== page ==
Nicaragua, located in the heart of Central America, is often called the “land of lakes and volcanoes” for its beautiful and rugged landscape. However, its natural beauty is belied by a long history of violence and political turmoil, which has been compounded by a series of devastating hurricanes and earthquakes that have stymied Nicaragua’s development. With a Gross Domestic Product (GDP) per capita of only $2,600, Nicaragua is the second poorest country in the Western Hemisphere (compared to a US per capita GDP of $45,800). At present over fifty percent of Nicaraguans are underemployed and unable to find sufficient work to meet their basic needs.  As a result, nearly half of the population resides below the poverty line. 
A severe educational deficit contributes to the cyclical nature of this poverty, with only twenty-nine percent of children completing primary school.  The direct and implicit costs of schooling - books, uniforms, loss of potential income - force many to drop out at an early age. Even those who do attend school do so for a mere four hours a day, often in classrooms with over forty students. This state of education, coupled with lax attendance policies and grade advancement regardless of a student's mastery of the necessary skills, leave the children of Nicaragua uncompetitive in an educated global marketplace.
Cedro Galán and Chiquilistagua are neighboring communities to the southwest of Managua, the capital city. Straddled between the encroaching urban sprawl and picturesque countryside, the two neighborhoods exhibit an interesting juxtaposition of the contemporary and traditional. Imported cars and ox-drawn carts navigate the same roads. Machete-bearing farmers and book-toting collegians share bus seats. Yet, despite the diversity, strong family bonds underpin the community.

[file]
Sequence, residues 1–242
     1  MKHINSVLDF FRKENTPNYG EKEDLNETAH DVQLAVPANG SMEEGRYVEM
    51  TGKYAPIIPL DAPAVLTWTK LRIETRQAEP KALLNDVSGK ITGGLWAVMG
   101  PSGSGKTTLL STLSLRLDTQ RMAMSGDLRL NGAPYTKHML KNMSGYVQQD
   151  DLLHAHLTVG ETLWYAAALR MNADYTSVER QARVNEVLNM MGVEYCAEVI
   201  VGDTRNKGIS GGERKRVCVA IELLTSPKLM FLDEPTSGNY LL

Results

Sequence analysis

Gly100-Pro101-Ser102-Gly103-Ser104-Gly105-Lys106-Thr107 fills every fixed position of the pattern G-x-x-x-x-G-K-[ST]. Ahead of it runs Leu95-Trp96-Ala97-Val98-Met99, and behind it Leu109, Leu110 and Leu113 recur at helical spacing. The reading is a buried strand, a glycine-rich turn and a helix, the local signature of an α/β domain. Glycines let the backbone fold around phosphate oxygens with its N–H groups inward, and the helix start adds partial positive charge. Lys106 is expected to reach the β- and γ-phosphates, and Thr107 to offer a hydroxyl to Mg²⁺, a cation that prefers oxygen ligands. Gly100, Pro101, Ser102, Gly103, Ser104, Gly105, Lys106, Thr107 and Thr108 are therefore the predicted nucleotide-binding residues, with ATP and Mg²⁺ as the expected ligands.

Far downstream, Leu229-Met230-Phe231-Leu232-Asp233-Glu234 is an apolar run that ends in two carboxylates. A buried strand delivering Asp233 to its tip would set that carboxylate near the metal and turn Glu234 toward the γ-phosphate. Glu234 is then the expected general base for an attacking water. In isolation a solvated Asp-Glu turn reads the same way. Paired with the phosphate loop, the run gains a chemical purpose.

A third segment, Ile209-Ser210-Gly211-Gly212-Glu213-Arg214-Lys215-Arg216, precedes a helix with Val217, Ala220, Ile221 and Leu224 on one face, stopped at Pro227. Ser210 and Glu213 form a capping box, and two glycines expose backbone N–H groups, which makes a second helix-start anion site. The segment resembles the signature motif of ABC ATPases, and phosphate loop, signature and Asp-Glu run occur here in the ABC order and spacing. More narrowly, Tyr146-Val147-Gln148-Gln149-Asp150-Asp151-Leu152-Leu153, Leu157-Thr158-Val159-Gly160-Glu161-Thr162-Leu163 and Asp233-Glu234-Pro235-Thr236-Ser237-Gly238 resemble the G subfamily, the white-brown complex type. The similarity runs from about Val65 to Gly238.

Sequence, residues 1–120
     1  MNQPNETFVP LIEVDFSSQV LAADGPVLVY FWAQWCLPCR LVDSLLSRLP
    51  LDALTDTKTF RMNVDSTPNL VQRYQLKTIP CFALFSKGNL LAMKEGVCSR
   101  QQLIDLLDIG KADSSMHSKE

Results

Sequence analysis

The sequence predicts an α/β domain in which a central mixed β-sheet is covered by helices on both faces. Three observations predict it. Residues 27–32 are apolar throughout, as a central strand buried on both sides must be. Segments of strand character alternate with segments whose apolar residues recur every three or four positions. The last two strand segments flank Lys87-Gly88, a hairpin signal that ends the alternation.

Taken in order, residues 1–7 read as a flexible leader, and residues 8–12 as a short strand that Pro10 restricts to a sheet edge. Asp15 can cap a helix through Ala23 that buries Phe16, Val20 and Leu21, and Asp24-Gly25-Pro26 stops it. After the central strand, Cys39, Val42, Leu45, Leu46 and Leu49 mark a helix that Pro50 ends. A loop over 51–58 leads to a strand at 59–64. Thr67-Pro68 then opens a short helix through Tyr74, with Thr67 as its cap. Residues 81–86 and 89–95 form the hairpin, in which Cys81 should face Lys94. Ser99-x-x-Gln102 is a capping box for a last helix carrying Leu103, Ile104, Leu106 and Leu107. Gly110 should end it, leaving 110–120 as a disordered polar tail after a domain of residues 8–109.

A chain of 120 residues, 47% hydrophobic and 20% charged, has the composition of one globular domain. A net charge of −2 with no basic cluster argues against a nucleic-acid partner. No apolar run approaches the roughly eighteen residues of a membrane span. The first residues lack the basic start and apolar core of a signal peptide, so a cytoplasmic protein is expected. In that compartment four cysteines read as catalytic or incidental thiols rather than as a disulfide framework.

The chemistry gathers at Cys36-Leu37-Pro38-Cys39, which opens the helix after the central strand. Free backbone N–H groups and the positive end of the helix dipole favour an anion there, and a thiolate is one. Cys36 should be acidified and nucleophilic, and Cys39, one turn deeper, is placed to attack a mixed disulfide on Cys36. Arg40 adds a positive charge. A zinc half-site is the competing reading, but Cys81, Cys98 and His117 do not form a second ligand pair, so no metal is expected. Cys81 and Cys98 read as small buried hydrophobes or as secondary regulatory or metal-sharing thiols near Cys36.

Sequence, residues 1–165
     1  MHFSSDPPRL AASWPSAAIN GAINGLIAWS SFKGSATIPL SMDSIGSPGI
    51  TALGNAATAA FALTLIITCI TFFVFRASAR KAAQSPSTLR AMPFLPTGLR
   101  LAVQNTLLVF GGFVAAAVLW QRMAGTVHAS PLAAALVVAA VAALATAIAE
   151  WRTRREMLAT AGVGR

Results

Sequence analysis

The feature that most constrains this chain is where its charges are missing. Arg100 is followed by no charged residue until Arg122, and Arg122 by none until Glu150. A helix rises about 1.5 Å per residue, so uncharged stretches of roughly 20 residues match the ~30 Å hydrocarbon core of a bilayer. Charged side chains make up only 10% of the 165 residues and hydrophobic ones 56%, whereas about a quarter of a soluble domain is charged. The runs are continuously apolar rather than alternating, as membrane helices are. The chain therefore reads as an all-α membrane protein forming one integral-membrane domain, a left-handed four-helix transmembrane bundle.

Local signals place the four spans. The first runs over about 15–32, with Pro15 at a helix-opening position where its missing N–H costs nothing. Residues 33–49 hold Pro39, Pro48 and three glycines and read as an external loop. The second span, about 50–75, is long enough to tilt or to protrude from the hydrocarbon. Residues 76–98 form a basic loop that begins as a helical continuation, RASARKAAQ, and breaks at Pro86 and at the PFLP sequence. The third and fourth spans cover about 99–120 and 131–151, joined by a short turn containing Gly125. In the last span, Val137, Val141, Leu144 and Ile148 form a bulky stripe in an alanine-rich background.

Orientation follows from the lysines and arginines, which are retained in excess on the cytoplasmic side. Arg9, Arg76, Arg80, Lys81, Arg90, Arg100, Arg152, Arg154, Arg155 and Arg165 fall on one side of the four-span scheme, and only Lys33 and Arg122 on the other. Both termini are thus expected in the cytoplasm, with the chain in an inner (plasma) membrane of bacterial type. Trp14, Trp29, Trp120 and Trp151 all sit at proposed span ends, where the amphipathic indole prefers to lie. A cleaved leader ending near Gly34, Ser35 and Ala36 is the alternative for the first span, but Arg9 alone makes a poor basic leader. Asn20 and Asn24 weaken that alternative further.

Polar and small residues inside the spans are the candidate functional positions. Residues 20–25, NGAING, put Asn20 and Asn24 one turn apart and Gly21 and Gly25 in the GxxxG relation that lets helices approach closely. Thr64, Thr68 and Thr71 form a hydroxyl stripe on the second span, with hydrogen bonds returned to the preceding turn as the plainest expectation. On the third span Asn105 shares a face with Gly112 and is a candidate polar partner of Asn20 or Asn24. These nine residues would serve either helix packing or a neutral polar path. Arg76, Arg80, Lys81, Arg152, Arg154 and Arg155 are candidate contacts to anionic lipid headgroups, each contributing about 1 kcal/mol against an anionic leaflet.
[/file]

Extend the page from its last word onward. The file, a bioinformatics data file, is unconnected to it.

Maintaining the traditional Latin American model, a vast majority of households are male-dominated yet female-centered. While fathers and sons make most familial decisions and provide the income, mothers and daughters manage the home. Typically working and studying from shortly after sunrise, most families take long breaks for lunch – the largest meal of the day. The afternoons in Cedro Galan and Chiquilistagua belong to the children, schools let out and students flood the streets to play. After a light dinner, Nicaraguans enjoy the comparative cool of the evening, which is also the best time for visiting and receiving guests.
However, means don’t run as deep as familial bonds or codes of hospitality. Communities are also united by their relative poverty, limited healthcare, and lack of social mobility. Even for the most industrious breadwinners, opportunity for financial advancement is rare. Widespread educational deficiency is another hindrance, as most adults lack even a high school degree. And so the cycle self-perpetuates. Families still live in open-air homes with dirt floors and suffer from health-related problems uncommon in the developed world. The population lacks a basic understanding of the prevention and treatment of disease, while public hospitals and clinics are grossly over-booked and under-staffed. While our two communities have this and much more in common, Manna Project International attempts to attack this poverty in all of its phases.
The Los Martinez neighborhood, known as “La Chureca” has been located within Managua’s municipal trash dump, in the northwest part of the city. Since 2004 MPI has worked alongside a Nicaragua NGO to provide healthcare to this community. La Chureca was the home and working place to the poorest of the poor in Nicaragua. Roughly 1,200 individuals lived and worked collecting and classifying the one thousand tons of trash that arrived daily within the 42 hectares that previously made up the dump. All members of the family worked collecting and classifying trash (paper, plastic, copper, iron, shoe soles, glass, aluminum, etc). This was the main source of income and their workday could last between 12 and 14 hours. Weekly income varied between 8 and 10 US dollars.